Pet cats and dogs cannot pass the new coronavirus on to humans, but they can test positive for low levels of the pathogen if they catch it from their owners. That's the conclusion of Hong Kong's Agriculture, Fisheries, and Conservation Department after a dog in quarantine tested weak positive for the virus Feb. 27, Feb. 28, and March 2, using the canine's nasal and oral cavity samples, the AP reports. "There is currently no evidence that pet animals can be a source of infection of COVID-19 or that they become sick," a department spokesman said in a news release. Scientists suspect the virus that causes the disease originated in bats before passing it on to another species, possibly a small wild mammal, that passed it on to humans.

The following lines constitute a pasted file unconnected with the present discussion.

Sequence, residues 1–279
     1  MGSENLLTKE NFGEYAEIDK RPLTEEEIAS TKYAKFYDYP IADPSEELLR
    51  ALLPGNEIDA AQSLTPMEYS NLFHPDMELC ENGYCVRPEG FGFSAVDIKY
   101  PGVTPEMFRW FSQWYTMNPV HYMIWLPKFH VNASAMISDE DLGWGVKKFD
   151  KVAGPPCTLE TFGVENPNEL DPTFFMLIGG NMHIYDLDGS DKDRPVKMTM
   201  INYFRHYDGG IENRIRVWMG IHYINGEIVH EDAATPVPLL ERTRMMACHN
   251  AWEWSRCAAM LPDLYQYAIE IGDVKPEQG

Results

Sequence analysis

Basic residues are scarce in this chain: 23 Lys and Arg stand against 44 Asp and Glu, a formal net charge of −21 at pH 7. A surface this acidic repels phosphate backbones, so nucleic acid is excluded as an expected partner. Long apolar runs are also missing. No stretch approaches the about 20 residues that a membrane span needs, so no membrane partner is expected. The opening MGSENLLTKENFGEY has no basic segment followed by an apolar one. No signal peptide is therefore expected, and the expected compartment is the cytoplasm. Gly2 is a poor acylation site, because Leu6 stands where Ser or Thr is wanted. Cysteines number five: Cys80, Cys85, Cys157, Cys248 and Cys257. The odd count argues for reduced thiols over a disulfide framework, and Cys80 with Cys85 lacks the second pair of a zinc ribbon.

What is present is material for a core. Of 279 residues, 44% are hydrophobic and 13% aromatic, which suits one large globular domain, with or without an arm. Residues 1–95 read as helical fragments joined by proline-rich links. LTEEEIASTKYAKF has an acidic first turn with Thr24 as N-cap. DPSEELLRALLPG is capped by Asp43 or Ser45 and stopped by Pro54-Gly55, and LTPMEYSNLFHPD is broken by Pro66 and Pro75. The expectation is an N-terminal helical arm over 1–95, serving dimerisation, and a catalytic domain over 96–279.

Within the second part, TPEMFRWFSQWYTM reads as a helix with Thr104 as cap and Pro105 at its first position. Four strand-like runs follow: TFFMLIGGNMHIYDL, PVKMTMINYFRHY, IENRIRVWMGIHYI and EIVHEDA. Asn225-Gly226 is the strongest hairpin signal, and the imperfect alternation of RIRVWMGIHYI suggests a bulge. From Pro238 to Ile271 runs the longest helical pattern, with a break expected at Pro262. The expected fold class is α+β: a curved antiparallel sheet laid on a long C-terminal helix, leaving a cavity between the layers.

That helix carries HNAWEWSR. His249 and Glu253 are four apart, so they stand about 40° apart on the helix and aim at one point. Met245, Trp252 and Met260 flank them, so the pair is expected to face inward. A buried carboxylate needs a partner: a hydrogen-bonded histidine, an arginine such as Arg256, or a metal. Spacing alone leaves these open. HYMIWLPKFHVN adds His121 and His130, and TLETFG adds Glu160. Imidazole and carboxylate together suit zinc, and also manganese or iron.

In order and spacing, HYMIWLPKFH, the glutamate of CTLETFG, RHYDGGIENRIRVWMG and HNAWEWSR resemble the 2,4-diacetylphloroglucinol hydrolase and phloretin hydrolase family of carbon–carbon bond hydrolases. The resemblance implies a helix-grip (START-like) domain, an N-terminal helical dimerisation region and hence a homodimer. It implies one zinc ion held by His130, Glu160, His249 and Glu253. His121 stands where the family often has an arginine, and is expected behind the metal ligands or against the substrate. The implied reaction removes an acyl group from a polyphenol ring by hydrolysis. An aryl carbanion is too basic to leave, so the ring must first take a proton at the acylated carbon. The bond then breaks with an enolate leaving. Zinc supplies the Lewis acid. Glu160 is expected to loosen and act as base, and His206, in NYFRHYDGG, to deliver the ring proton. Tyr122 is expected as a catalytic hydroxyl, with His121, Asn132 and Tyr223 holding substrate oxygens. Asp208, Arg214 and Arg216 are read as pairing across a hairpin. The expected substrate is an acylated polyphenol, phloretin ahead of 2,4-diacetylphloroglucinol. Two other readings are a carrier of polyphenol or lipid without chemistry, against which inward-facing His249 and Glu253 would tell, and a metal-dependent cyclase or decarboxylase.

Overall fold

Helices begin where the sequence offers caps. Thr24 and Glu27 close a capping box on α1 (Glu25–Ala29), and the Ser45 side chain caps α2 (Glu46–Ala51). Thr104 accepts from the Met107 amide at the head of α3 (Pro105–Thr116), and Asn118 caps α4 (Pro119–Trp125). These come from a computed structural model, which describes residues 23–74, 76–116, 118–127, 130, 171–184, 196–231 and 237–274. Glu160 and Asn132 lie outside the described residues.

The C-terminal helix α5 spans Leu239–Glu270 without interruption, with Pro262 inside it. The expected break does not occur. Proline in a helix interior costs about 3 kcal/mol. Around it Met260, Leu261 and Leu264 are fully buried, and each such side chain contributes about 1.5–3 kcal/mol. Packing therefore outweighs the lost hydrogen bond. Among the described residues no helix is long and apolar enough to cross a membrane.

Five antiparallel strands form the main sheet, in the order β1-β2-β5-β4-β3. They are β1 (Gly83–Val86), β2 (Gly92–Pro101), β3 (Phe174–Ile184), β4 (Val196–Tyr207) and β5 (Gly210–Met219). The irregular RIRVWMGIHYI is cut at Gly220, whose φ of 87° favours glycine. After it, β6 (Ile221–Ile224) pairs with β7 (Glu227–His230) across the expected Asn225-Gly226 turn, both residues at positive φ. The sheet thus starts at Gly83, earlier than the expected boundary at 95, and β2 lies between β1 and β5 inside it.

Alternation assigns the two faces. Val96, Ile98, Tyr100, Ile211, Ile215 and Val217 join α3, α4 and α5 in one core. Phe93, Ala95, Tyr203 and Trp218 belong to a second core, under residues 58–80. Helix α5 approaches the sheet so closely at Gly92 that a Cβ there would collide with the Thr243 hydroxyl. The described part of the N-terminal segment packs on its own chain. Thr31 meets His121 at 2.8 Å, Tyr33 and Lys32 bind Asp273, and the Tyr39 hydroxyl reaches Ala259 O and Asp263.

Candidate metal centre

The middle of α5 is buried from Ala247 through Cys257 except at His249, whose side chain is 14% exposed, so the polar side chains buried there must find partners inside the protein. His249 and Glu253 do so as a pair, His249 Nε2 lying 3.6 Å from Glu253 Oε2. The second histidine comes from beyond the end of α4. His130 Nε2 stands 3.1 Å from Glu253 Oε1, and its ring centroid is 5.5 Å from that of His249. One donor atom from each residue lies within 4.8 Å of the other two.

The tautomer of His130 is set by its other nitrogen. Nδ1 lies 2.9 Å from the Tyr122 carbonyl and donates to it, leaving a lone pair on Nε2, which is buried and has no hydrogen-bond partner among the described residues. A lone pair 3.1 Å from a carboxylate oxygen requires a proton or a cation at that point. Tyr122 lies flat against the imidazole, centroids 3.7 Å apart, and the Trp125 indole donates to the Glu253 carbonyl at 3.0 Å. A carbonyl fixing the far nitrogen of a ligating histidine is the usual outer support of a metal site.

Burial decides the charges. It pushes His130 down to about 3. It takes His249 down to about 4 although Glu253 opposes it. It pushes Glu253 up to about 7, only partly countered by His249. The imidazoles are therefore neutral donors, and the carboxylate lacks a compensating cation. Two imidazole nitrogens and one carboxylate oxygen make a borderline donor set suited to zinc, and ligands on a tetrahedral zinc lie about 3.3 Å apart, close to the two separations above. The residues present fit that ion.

Experts from several institutions agree, however, that the dog has a low-level of infection and it is "likely to be a case of human-to-animal transmission." In general, pet owners should maintain good hygiene, including not kissing their pet and washing hands before and after handling animals and their food, authorities say. People who are sick should avoid contact with pets and a veterinarian's advice should be sought if changes in a pet's health conditions are detected. "Apart from maintaining good hygiene practices, pet owners need not be overly concerned and under no circumstances should they abandon their pets," the department spokesman said. The dog, and another in quarantine that has tested negative for the virus, will be tested again before being released.
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